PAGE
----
FIG. 36 shows a cut-away view of an alternative embodiment of a puncturing implement suitable for use within a conventional puncturing instrument sleeve.

FIG. 37 shows a cut-away view of an alternative embodiment of a puncturing instrument containing a sheath of fiber optic cables within its sleeve.

FIG. 38 shows a sectional end view of the trocar sleeve and fiber optic cable sheat along line XXXVIII in FIG. 37.

FIG. 39 is a schematic block diagram of a fiber optic cable harness and light emitting and detection circuit connectable via the cable harness to the puncturing instrument shown in FIG. 37.

DETAILED DESCRIPTION OF THE INVENTION

Referring now to the drawings, FIG. 1 illustrates a surgical instrument, generally designated by numeral 10, dedicated to puncturing an anatomical organ structure such as a cavity wall and providing a passageway via the puncture wound for communicating with the interior of the cavity. The instrument 10 has an outer cylindrical sleeve 11 having an elongated section 12 with an interior lumen 14 opening into a distal end 15 and extending through to its proximal end 17. Sleeve 11 may have an enlarged cross-section 16 at its proximal end 17 terminating in a male threaded coupling 18. A commercially available valve assembly 20 such as the trumpet valve shown, is connectable to the proximal end of the sleeve 11 to prevent the egress or escape of fluids from the cavity via the sleeve. The distal end 22 of assembly 20 contains a female threaded coupling 24 for receiving the male threaded section 18 of outer sleeve 11. The assembly contains a lumen 26 open at its distal end 22 and extending through to its proximal end 28. A flexible seal 29 having a central aperture coaxial with lumen 26, of a resilient material such as rubber may be fitted onto the proximal end 28. The intermediate section of assembly 22 contains a trumpet valve 30 of the type disclosed in greater detail in U.S. Pat. No. 3,989,049, which is slidably operable perpendicularly to the longitudinal axis of lumen 26. Typically, the trumpet valve contains a gate that is held by spring loading in a position to block passage of liquid or gaseous phase fluids through lumen 26. Manual depression of finger button 32, however, counteracts the spring loading on the gate and permits communication between the distal and proximal ends of lumen 26. The intermediate section also contains an anesthetic connection port 34 opening into lumen 26 at junction 36. Passage of fluids through the port may be controlled or blocked completely by a stop-cock 38.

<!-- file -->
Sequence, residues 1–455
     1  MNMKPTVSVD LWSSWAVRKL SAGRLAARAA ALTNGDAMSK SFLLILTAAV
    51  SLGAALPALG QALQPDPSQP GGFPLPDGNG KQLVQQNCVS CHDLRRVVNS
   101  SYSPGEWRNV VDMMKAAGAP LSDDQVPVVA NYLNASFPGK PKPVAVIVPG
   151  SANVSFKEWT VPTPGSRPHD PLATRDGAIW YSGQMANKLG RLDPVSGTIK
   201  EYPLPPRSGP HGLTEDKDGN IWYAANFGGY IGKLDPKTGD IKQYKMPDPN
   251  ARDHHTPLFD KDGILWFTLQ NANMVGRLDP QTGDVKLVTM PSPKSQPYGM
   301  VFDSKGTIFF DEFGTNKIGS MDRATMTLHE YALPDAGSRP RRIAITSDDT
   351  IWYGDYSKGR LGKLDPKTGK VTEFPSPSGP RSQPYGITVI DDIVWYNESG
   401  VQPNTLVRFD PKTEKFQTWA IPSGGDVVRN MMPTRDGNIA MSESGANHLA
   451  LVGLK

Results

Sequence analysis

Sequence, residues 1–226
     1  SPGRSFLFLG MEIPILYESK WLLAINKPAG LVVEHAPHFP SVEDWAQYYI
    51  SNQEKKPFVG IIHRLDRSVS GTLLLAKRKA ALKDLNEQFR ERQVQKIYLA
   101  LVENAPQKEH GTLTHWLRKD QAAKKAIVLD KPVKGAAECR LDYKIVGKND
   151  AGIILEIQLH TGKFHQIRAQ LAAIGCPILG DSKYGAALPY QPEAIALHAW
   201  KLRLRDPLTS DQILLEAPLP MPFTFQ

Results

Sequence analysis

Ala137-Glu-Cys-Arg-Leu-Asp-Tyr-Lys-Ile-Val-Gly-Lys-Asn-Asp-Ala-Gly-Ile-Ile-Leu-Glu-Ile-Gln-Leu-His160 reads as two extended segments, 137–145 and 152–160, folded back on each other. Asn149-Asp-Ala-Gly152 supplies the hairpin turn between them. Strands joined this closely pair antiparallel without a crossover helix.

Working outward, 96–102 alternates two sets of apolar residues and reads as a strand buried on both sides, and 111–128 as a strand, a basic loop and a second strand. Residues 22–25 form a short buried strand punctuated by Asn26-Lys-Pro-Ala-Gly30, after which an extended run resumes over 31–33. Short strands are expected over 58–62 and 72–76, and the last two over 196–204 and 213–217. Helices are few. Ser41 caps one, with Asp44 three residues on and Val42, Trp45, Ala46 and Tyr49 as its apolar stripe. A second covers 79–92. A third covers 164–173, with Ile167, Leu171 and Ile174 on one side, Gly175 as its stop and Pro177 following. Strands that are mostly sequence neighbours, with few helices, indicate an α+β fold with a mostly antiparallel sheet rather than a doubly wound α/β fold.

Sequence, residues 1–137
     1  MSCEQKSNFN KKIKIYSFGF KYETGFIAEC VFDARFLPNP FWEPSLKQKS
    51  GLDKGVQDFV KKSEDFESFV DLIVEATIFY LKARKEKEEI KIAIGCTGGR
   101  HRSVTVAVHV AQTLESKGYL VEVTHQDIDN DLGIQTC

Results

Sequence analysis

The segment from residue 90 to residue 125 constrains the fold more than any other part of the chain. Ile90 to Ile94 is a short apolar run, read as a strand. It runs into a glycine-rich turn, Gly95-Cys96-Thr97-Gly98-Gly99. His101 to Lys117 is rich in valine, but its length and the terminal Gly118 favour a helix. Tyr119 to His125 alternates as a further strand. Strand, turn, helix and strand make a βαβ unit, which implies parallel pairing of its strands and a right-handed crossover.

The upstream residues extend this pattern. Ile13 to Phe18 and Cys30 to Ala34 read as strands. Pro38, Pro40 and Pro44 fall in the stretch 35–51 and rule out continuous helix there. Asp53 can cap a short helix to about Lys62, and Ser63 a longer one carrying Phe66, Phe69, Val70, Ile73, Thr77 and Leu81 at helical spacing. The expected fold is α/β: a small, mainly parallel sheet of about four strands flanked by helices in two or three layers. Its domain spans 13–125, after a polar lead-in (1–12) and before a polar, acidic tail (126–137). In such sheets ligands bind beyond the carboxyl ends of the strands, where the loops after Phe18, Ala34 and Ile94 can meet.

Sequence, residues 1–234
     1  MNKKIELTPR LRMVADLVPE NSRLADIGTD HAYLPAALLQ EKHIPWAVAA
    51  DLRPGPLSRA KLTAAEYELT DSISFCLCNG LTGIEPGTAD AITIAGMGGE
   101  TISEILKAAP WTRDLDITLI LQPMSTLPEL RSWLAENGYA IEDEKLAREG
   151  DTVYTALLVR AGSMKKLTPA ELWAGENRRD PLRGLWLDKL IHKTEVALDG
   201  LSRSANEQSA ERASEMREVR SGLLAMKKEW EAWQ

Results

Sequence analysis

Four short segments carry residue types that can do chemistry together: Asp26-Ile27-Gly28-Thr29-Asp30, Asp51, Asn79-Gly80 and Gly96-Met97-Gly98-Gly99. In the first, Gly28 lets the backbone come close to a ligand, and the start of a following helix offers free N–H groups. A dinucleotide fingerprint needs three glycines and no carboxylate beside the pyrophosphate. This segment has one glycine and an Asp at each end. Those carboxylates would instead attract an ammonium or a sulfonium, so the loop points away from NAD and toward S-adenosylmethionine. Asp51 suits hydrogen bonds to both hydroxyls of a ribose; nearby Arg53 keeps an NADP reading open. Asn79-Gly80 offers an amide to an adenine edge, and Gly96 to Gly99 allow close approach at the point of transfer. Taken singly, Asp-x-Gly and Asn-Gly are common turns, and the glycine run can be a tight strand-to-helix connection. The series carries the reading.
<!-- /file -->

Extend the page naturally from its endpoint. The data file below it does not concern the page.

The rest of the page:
A trocar 40, having a long shaft 42 terminating at its distal end 44 in a three-sided blade 46 of surgical steel forming a sharp point 48, may be introduced into the proximal end 28 of lumen 26 of valve assembly 20 via the central aperture in the rubber seal 29. After the gate of valve assembly 20 is opened, the shaft 42 and sharp point 46 of trocar 40 may be pushed longitudinally forward through lumina 26 and 14 when the shaft 42 has been fully inserted into lumina 26 and 14, the forward rim 50 of a knob 52 attached to the proximal end of trocar 40 will abut against the outer rim of the rubber seal 29; the blade 46 and sharp point 48 will extend beyond the distal end 15 of sleeve 11.